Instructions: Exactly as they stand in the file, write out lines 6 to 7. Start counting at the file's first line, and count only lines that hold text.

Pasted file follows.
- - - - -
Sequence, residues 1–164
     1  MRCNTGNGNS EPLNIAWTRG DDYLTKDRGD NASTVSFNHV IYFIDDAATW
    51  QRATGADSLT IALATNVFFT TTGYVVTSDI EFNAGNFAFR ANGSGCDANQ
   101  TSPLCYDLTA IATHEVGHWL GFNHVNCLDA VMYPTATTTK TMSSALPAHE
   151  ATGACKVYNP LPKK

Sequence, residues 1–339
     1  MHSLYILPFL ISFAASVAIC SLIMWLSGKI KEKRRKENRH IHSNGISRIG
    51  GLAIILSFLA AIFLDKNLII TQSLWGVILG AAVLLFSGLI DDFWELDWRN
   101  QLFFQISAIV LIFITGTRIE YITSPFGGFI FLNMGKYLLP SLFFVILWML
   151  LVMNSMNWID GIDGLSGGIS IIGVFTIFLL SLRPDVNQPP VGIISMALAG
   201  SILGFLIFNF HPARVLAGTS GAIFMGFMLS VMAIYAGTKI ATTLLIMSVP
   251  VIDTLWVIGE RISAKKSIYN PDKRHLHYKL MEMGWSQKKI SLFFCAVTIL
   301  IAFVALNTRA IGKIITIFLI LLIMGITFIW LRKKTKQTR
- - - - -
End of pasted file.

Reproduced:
Sequence, residues 1–339
     1  MHSLYILPFL ISFAASVAIC SLIMWLSGKI KEKRRKENRH IHSNGISRIG